Fiercely conservative Chugiak-Eagle River sends all-female delegation to Juneau
A record number of women in Congress has drawn national headlines in recent days, but in Chugiak-Eagle River another historic delegation is about to take office.
When the Legislature convenes Jan. 15, the staunchly conservative district north of Anchorage will be represented by its first all-female delegation, with three female Republican State House representatives and a pair of GOP women in the State Senate.
“The news media and the opposition party sometimes likes to say Republicans don’t like women,” said Alaska Republican Party committeeman Peter Goldberg during a town hall meeting Jan. 3 in downtown Eagle River. “But I came to see five dedicated, energetic, hard-working, conservative Republican women all at the same spot.”
The group includes Sen.-elect Lora Reinbold, Sen. Shelley Hughes, Rep.-appointee Sharon Jackson, Rep. Cathy Tilton and Rep.-elect Kelly Merrick. Together they represent nearly a quarter of the 23 women in the 60-member Alaska Legislature, which includes 20 senators and 40 representatives. They’re also bringing some diversity to the majority white body; when she takes office, Jackson — who was appointed by Gov. Mike Dunleavy to fill a seat originally won by Nancy Dahlstrom — will be the lone African-American in the State House and one of three black Alaskans in the Legislature.
In 2016, Donald Trump received approximately 63 percent of the vote in Chugiak-Eagle River, and in November Republican Dunleavy received between 60 and 70 percent of the vote at area precincts in his race against Democrat Mark Begich.
Longtime legislative observer Bill Stoltze, who served in the State House and Senate and before that worked as a legislative aide, said it’s the first time Chugiak-Eagle River has sent only women to Juneau. And that’s fine by him.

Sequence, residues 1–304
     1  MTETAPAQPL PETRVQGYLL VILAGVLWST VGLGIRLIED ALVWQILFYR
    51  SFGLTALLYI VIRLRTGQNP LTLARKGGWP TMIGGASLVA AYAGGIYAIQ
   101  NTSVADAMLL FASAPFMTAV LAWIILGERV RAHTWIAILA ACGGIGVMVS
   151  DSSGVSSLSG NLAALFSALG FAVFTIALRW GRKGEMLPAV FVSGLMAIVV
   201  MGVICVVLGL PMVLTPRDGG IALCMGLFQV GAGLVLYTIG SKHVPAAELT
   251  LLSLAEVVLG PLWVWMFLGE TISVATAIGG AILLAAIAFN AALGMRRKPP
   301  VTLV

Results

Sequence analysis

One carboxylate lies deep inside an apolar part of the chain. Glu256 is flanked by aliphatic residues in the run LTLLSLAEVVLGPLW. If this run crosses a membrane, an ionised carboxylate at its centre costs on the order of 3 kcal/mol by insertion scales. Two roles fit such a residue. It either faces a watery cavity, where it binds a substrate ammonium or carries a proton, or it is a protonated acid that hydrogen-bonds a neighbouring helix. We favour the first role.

“It’s based on merit and performance, not on a quota system and that’s the way to get there,” he said.
Tilton, Merrick, Dahlstrom and Reinbold won their races by wide margins over Democratic and nonpartisan challengers in November, while Hughes isn’t up for re-election until 2020. Merrick and Jackson are first-time legislators.
Goldberg wasn’t the only person to applaud the local delegation’s all-female cast. Chugiak-Eagle River Chamber of Commerce executive director Debbie Rinckey also noticed the delegation’s unique makeup during Thursday’s town hall.
“Look at this beautiful slate of women,” Rinckey said. “I love it.”
For their part, the women have shied away from focusing on their gender, instead sticking to their campaign messages — which were remarkably similar and in keeping with the area’s staunchly conservative bent. All have said they’ll push for tougher crime laws, believe resource development is key to solving the state’s fiscal crisis and support a return to the “full” funding formula for paying Permanent Fund dividends.
Thursday’s meeting was simply a chance for the women to listen said Reinbold, who is moving from the House to the Senate this year.
“This is your meeting, this is your town hall,” she said as the meeting began.
By far the top issue mentioned by constituents was crime. Many in Chugiak-Eagle River believe lax state crime laws are contributing to increases in things like car thefts and violent crime, and several people said they hope the legislators will work to repeal the controversial SB 91 crime bill.
“I think that’s gotta be your top priority,” said Eagle River’s Jesse James.
Other people who spoke at the two-hour meeting said they think balancing the budget should be a priority, as should reducing health care costs and decreasing the number of people receiving services such as Medicaid and other welfare programs. Repairing damage from the recent earthquake, bulking up state infrastructure funding and improving education outcomes were also listed as constituent priorities.
The meeting included a pop-in visit from U.S. Sen. Dan Sullivan, who said he was simply there to listen as well.
“Thanks for letting us crash your event,” Sen. Sullivan quipped.
Sullivan said he will be working in Washington D.C. to urge the Trump administration to declare a national disaster, which would free up millions in federal funds for those impacted by the Nov. 30 quake, which caused widespread damage in Chugiak-Eagle River.
The meeting concluded with all five local legislators promising to have an open-door policy while in Juneau and encouraging constituents to call, email or follow them on social media.
Jackson said she’s looking forward to the opportunity to bring Chugiak-Eagle River’s message to the state capital.
“It is an honor to support your voices in Juneau,” she said.
Email Star editor Matt Tunseth at firstname.lastname@example.org